A common concern brought up by clients interested in shifting to the cloud is the requirement of maintaining an on-premise presence. They haven’t finished on-boarding to the cloud and still need to retain a direct connection to their site. There is a way for a company to retain a presence after migrating to the cloud with Azure’s Virtual Network Gateway. The downside to this is it tends to get complicated quite quickly. Azure’s Virtual Networks Gateway provides users with two main options; Policy-based VPN and Route-based VPN.
Policy-based VPN is geared towards the house’s legacy side. If you have a single site, then it is pretty straightforward since a single site can support both solutions seamlessly. However, if you have multiple locations that all require access to the Azure virtual network, then it becomes complicated when using a policy-based VPN solution. A way to overcome this used to be through the use of Microsoft’s traffic selectors, but this is no longer an available option. With that solution no longer available, what else is there? At Agile IT, we’ve come up with a few solutions and scenarios that are highlighted below and in the video.
Policy-Based Virtual Networks
1. Single Connect
This is the traditional scenario where you have multiple corporate office locations, but only one has a data center. Therefore, corporate offices should only one have a direct connection to Azure. The main issue with a single connect scenario is if the single connection goes down, then you are locked out completely and are not able to access anything from the virtual network. Another issue is that it is impossible to share resources amongst the various site locations since they are not connected.
2. Single Connect/ Multi-Site
You might want to keep the single connect VPN but additionally connect the multiple corporate locations with each other. This can be done by connecting the multiple sites to the central location while maintaining a connection to Azure. Though this will solve the issue of resource sharing among site locations, it still has a similar issue to previous policy-based solution. Indeed, any problem with the central location’s connection to Azure will still lead to an outage that will be felt throughout the entire organization. Though this is not the best solution, it sometimes is the only one. Another major issue with this type of policy-based VPN connection is replication. This is because the virtual network cannot detect the site locations that are not connected to it; therefore, if replication is not configured correctly, it will become a problem.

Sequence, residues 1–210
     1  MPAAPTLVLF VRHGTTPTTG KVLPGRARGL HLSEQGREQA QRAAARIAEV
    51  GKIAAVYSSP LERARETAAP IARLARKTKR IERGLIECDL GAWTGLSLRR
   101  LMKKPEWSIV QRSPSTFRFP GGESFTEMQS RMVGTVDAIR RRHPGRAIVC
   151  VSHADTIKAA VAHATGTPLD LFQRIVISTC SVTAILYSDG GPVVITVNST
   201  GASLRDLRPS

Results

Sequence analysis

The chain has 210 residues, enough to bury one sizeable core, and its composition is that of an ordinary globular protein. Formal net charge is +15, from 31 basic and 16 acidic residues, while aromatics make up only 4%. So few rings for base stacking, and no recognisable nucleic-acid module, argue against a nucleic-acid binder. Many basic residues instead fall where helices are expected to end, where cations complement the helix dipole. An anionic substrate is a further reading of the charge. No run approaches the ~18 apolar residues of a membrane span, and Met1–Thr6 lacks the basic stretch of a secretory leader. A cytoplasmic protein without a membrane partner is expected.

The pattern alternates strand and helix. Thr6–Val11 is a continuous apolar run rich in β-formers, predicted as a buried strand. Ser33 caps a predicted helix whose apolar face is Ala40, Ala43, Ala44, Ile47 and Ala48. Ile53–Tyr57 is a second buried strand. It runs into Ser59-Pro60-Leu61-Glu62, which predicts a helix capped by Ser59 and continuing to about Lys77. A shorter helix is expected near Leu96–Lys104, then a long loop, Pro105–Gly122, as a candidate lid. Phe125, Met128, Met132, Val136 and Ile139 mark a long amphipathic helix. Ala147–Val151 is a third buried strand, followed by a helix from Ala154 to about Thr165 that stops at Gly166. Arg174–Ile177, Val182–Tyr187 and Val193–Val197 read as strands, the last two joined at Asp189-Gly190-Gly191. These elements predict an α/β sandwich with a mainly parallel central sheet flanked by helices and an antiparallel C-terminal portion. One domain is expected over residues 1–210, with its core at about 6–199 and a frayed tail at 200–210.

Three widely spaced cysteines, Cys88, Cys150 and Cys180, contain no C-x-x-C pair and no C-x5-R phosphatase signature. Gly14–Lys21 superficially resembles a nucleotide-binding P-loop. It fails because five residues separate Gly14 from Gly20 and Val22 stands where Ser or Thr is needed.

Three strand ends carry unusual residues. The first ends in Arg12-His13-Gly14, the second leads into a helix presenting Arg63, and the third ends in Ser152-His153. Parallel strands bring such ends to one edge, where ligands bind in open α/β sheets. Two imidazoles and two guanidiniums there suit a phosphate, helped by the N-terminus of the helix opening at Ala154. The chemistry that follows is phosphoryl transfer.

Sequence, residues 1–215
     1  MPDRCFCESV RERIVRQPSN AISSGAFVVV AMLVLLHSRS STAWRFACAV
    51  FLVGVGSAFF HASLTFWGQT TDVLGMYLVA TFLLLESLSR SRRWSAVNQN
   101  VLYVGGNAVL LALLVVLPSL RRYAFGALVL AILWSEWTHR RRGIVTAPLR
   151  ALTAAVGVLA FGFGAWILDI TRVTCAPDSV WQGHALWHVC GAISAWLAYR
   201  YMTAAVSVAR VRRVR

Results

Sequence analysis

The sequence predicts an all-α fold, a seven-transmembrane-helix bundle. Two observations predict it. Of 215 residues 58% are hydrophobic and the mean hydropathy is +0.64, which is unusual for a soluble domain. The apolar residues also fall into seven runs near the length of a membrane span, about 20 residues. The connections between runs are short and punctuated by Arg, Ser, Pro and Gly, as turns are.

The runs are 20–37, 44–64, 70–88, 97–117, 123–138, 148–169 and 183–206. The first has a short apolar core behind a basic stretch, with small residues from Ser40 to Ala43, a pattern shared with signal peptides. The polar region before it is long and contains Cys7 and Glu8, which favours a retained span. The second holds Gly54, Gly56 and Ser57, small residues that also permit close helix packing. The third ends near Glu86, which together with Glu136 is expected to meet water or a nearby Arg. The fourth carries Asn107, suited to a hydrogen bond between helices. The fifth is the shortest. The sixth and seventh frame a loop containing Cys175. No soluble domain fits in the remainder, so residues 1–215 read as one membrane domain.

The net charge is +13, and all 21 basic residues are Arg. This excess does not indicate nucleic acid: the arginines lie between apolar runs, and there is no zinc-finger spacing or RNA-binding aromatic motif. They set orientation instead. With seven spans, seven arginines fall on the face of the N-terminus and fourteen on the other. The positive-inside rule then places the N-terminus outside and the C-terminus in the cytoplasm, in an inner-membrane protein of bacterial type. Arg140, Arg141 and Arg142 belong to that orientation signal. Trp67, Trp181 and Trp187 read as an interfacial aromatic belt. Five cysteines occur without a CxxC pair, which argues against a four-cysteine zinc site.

3. Multi-Net/Multi-Site Pairing VPN
This scenario makes it possible for you to set up a site to site policy-based tunnel between multiple virtual networks in Azure. Then, you can further pair virtual networks with each other. This leads to a situation where you have independent connectivity among respective site locations and a corresponding virtual network in Azure, along with connectivity among the different virtual networks within Azure. While this solution is acceptable, it is quite complex. It allows you to work with multiple regions and still maintain the pairing. However, you will need to pair all locations in one availability set first then proceed to set up ‘sister’ networks. You should also note that the traffic being transmitted within the paired virtual networks in Azure is metered. A lot of companies that implement this are those that can support multiple policy-based VPN endpoints and are migrating their data centers to the cloud. Once they have their servers backed up on the cloud, they can then disengage one of the links, move the machines located within one of the virtual networks to another one to reduce complexity. Unfortunately, once a connection has been disengaged, there is rarely much effort to consolidate the virtual networks which we recommend not only to reduce complexity but overall cost as well. This is just one of the things that need to happen during migration. If you are migrating a VN, you need to size it correctly.
Route Based VPN
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This is the preferred solution for the modern networking options coming out today. It allows for the latest technology. Further, a single gateway can support up to ten locations with minimal charges with the machines being located within one data center so the traffic is not metered. The main advantage of this solution is in the event one site malfunctions; not affected are the connected sites. Their connection to the virtual network still grants them access. All this done without introducing the complex nature of the policy based multi-net/multi-site pairing VPN.
You can deploy a custom VPN device in Azure to support policy-based VPN for multiple locations. Though it is typically a lot more complex to manage. Indeed, a VN running will increase your VN run costs, storage, CPU cycles, RAM, and include additional licensing. If you have multiple locations, we recommend implementing a route based VPN, unless the only option you have is policy-based VPN, then you can opt for the multi-site/multi-net pairing VPN.
Peering Networks for Windows Virtual Desktop
This is an offering we have in our incubation but is still available in public preview. The features are not available, but that is going to change when Microsoft officially releases it. However, that date has not been announced yet.
There is a detailed blog entry about it already, and once it is released, we will be doing a Tech Talk on it as well.
More on Tech Talks About Multiple Virtual Networks in Azure
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